Challenges of running a content agency
Running a content agency may sound easy — “just hire writers and find clients” — but it’s actually a very challenging and complex undertaking. As such, we’ve decided to interview three content experts with years of experience in the marketing industry.
- Kinga Edwards, Creative Owner at Brainy Bees
- Olga Mykhoparkina, Founder of Quoleady
- Derek Flint, Marketing Manager at Ten Speed
With decades of combined experience in the world of content marketing, these experts will go through the DOs and DONTs of running an effective agency. Specifically, they’ll be answering these pressing questions:
- How do you find your agency’s writers
- How do you land clients for your agency?
- What do you think most content agencies get wrong?
- What are your tips for retaining writers and clients?
- Which tools have the biggest impact on your content agency operations?
- What are your top tips for creating B2B content?
- What are some SEO strategies or best practices your agency lives by?
Without further ado, let’s have a look at the insights they’ve shared with BacklinkManager!
- There are three main ways to find good writers: draw on freelancers from other campaigns you manage, leverage platforms like LinkedIn, and/or manage an internal talent pool.
- The easiest way to overcome client acquisition challenges is to execute at a much higher level than the competition. If you manage to provide exceptional service, the referrals will start rolling in sooner than you think.
- Most of the challenges that content agencies face are caused by being overly competitive, neglecting human capital, and slashing prices in a race to the bottom.
- Retaining clients/writers comes down to transparent communication, an emphasis on KPIs, and a steady work volume.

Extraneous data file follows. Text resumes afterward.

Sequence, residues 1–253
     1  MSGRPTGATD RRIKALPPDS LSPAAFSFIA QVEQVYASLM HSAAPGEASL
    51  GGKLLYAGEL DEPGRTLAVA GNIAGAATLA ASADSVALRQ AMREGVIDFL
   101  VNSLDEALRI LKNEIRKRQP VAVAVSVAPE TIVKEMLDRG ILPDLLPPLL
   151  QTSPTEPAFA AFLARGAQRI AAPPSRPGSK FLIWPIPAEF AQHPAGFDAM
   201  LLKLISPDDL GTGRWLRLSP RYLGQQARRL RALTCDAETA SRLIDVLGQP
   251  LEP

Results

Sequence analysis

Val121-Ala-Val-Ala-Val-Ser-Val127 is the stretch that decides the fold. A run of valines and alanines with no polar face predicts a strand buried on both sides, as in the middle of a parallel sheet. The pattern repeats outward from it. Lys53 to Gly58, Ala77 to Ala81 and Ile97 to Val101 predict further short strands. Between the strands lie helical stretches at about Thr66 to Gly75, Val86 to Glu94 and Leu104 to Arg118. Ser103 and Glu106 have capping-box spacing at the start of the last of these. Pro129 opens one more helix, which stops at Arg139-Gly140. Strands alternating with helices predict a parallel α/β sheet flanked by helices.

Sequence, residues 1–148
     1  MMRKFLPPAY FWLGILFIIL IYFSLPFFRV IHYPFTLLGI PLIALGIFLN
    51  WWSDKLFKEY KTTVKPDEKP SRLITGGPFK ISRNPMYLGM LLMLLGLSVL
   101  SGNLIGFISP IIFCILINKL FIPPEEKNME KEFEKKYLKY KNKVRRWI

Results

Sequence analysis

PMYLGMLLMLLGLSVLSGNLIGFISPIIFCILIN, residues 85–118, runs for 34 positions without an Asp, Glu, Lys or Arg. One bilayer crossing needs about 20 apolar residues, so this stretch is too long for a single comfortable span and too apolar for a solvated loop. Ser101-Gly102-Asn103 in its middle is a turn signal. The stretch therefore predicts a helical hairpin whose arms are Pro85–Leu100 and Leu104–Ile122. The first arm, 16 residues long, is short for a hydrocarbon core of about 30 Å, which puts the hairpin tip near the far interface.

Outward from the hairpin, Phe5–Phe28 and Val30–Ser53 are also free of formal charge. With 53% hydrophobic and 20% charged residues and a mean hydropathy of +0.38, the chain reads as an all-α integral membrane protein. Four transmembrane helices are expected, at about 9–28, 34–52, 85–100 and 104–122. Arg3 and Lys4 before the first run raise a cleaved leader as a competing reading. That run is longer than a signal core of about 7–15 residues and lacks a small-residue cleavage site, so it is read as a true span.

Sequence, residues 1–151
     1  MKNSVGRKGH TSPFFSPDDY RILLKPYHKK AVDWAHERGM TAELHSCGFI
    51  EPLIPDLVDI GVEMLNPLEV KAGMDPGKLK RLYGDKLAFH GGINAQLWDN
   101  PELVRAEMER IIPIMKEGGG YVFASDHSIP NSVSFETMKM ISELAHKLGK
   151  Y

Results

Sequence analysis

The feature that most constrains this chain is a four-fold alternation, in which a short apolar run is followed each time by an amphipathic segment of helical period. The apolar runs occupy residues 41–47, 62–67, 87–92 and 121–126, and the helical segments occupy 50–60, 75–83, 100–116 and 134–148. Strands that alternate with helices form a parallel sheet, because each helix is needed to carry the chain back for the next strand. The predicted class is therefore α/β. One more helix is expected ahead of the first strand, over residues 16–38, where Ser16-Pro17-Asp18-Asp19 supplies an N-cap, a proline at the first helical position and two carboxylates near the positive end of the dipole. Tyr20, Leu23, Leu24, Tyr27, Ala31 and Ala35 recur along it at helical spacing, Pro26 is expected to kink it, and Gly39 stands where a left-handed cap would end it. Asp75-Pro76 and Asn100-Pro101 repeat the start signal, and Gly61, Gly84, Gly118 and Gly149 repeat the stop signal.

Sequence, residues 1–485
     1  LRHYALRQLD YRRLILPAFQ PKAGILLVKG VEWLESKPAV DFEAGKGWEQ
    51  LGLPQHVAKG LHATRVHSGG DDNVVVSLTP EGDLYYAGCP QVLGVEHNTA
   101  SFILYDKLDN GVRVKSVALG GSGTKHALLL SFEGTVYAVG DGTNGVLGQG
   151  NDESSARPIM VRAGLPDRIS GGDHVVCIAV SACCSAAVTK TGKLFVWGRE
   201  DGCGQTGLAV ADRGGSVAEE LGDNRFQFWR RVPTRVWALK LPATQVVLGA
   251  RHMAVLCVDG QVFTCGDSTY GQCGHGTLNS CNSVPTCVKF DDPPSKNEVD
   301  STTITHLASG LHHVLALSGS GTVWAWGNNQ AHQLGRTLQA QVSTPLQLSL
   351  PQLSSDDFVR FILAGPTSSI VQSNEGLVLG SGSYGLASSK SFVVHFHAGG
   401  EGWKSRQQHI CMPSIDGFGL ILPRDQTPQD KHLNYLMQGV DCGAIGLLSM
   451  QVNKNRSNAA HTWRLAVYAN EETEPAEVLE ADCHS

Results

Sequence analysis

- Surfer, Asana, and Slack are must-haves for any digital marketing tool stack.
How do you find your agency’s writers
Finding and retaining quality talent is a never-ending challenge for content marketing agencies. In fact, trying to acquire exceptional employees for new projects is one of the most common challenges since not all applicants will be on the same page or suit the job description.
To get around this, Kinga tends to rely on finding talent from her existing connections:
“I look for experienced writers from prior projects I had the pleasure of working on. I also mentor and develop new talent so I can nurture junior-level writers into fully operational professionals under my supervision and guidance. Time-consuming but you need to consider it an investment rather than an expense.” -Kinga
On the other hand, Olga finds her employees by leveraging social media automations:
“We use LinkedIn automation to set up the outreach process and have a clear algorithm of the next steps our recruiter usually takes.
We tell potential candidates who we work with, explain what kind of writing we are looking for, and ask them to send samples/pricing info to our email. Whenever we get irrelevant samples or better yet a link to a 500+ piece portfolio, it’s a red flag that the candidate doesn’t care.
Those who get accepted go through the test task after reading our guidelines. If the candidate comes up with a great piece, follows the deadlines, and meets the requirements, we continue working together.” -Olga
Derek and the Ten Speed team take an internal approach by having their own set of writers readily available in their talent pool:
“We’ve been transitioning to more direct client relationships and with our own contractors by building our own source called the Ten Speed Writer Network. These writers mostly come to us as a result of seeing our company on LinkedIn.
Additionally, we’ve brought on specialists we’ve worked with on other projects who were direct freelancers for past clients and wowed us with their expertise in traditionally hard-to-understand niches within tech.” -Derek
How do you land clients for your agency?
Client retention should always be a priority but seasoned digital marketing agency owners know that new clients coming in the door is essential. However, most top content marketing agencies don’t have to sacrifice their profit margins for advertising campaigns to reach their target audience.